For Oregon senior Trevor Dunbar, running has always been a family affair.
Dunbar’s mother Kathleen was a multiple-time All-American distance runner at the University of Portland, where she met his father, Marcus. After transferring to the University of Oregon and graduating in 1988, Marcus became a U.S. indoor mile champion and ran a personal best of 4:00.58 in the mile in 1993.
Trevor and his older brother Miles ran at kids camps and meets in Kodiak, Alaska, throughout elementary school and junior high before ramping up their training with the Kodiak High School cross country and track and field teams.
Their high school coach was none other than their father, who was able to share his knowledge and passion for the sport with his boys and train with them, too.
“It was motivating,” Miles said. “It was fun to get out there, enjoy nature and just enjoy the process of running.”
Trevor’s sophomore year was the start of a three-year state championship streak for the Kodiak cross country team. Since it was Miles’ senior year, it was the lone championship that the three were able to share.
“It was very rewarding because our whole family rejoiced in it,” Marcus said.
Dunbar won his first of three individual state cross country championships that year and went on to claim three individual track and field titles during his prep career.
Dunbar took a similar collegiate path as his father, spending his first two years at Portland before transferring to Oregon. He earned two All-American honors in cross country at Portland before competing in several NCAA championships for the Ducks.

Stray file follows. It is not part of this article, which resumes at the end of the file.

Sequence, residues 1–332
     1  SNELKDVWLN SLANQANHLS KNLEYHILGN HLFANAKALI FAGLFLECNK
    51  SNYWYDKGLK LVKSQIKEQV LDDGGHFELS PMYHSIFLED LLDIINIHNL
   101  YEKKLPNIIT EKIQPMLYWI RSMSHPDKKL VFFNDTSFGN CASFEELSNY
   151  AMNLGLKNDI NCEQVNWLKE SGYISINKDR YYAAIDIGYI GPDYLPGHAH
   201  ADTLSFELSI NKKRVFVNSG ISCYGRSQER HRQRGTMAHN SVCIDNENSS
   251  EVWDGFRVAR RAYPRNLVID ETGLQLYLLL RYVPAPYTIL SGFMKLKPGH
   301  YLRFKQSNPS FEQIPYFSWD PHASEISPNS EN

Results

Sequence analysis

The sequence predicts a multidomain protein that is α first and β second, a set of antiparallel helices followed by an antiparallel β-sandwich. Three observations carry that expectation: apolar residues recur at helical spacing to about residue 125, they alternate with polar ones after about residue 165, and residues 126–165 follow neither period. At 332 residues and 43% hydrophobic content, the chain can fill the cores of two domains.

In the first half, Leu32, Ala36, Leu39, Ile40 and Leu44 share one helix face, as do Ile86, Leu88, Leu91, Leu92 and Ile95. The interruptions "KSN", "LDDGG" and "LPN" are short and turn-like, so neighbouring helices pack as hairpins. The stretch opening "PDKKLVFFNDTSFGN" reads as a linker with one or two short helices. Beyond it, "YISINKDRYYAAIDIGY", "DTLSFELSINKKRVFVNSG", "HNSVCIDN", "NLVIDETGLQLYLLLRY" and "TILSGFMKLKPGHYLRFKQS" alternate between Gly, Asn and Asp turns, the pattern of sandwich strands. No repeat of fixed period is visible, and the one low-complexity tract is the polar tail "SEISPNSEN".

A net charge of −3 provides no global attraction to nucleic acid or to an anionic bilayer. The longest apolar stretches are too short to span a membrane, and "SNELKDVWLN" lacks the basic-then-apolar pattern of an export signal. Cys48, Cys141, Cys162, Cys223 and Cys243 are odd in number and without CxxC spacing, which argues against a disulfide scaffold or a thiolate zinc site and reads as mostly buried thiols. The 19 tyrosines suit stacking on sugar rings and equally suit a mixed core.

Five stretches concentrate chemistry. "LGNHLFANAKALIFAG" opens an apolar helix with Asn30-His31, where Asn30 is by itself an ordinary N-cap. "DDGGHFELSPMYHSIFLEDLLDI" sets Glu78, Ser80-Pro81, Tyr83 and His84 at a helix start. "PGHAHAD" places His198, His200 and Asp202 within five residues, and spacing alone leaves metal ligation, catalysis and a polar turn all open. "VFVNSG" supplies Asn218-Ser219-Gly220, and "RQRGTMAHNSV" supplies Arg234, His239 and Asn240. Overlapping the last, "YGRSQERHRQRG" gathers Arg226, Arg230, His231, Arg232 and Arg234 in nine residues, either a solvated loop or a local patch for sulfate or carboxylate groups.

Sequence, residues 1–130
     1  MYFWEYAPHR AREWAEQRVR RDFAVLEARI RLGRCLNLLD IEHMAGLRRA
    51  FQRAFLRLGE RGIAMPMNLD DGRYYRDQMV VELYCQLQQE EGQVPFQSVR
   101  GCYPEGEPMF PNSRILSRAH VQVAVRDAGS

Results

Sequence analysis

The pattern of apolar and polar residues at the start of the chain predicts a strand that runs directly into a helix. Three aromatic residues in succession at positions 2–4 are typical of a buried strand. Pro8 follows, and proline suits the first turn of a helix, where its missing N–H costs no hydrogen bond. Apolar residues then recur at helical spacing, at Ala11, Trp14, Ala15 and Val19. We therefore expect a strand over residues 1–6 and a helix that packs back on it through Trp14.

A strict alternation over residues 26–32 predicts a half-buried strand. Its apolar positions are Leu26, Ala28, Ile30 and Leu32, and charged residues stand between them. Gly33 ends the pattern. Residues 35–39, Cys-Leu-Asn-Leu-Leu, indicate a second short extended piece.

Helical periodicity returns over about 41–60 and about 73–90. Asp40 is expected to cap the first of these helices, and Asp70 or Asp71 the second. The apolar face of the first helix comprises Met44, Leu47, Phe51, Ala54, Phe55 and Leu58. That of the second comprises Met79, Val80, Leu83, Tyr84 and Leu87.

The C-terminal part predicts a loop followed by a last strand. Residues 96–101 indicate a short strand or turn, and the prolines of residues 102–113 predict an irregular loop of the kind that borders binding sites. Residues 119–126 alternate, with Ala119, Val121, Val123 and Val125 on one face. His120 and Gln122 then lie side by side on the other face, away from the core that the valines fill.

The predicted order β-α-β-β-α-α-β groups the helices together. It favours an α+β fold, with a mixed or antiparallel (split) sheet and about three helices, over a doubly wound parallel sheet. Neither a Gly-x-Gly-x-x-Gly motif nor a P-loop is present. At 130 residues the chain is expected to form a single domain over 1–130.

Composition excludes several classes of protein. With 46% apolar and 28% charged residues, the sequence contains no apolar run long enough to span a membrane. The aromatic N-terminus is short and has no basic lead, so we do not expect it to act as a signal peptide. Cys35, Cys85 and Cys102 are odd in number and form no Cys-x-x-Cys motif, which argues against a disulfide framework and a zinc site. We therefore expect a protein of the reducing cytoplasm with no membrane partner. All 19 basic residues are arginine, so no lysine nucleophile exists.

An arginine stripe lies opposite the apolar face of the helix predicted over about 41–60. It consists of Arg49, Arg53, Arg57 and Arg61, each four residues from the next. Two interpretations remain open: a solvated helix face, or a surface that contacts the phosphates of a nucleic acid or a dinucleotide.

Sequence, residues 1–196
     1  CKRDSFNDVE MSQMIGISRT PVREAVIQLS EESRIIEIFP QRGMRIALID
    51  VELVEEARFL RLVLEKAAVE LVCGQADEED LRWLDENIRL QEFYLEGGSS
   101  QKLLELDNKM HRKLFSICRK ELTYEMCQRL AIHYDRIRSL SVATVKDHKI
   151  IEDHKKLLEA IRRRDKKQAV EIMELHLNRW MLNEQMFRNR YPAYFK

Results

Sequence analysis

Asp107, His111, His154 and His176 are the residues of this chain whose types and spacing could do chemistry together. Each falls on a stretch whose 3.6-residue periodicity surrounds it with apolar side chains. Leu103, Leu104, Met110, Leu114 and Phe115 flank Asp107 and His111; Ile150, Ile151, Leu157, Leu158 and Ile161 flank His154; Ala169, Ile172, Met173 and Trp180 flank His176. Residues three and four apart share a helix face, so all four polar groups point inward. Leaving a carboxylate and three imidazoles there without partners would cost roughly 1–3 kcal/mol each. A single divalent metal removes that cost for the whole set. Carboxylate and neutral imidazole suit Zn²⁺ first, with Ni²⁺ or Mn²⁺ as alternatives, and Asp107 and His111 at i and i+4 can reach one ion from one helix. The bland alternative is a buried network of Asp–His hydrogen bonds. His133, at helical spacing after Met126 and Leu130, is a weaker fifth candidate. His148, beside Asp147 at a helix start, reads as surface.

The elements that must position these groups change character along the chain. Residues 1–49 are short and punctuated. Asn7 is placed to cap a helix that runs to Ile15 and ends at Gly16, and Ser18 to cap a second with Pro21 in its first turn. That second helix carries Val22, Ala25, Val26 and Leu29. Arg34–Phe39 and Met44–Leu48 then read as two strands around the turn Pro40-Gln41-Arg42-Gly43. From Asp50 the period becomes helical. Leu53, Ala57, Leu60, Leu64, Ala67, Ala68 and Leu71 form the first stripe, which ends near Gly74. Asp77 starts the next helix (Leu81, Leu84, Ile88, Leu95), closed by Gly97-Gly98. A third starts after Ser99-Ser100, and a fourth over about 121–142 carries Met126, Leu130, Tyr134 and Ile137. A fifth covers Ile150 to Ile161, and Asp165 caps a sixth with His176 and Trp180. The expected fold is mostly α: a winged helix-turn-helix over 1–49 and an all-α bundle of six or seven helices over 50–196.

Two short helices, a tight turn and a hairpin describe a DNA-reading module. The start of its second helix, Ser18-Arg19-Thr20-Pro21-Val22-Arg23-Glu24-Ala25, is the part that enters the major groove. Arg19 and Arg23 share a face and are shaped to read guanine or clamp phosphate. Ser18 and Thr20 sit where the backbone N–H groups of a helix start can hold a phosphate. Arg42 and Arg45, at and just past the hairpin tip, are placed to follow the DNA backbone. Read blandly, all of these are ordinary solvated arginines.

But knee and Achilles injuries plagued Dunbar’s 2013 indoor and outdoor track season as he was unable to compete for the Ducks.
He salvaged his season in July by running a 3:59.06 mile at the Roughrider Twilight Meet, breaking his father’s Alaskan record and becoming the first Alaskan to ever break the elusive four-minute barrier. Marcus was on hand, reading his son’s lap splits as Trevor etched his name into Alaskan lore. It was only fitting that Trevor wore his father’s old Alaska Track Club singlet.
“Having my dad there to watch that live was really special,” Trevor said. “To wear his old jersey was kind of symbolic.”
For Marcus, watching Trevor break his record was equally rewarding.
“I always told him, ‘If I could do one thing I never did, it was break that four-minute mile,’” Marcus said. “I really enjoyed watching him do it and achieving that goal as a family. It kind of eased the wounds that I had of never getting it.”
Trevor was able to represent both his family and his home state at that meet, but this past Friday at the Washington Invitational he donned an Oregon singlet for the first time since 2012. With the indoor season in session and outdoor on the horizon, he’s looking forward to soaking up his final months as a Duck.
“This is my last chance here, so I’m trying to enjoy every moment, not only as a member of the track team but also as a college student,” Dunbar said.
Follow Chris Mosch on Twitter @chris_mosch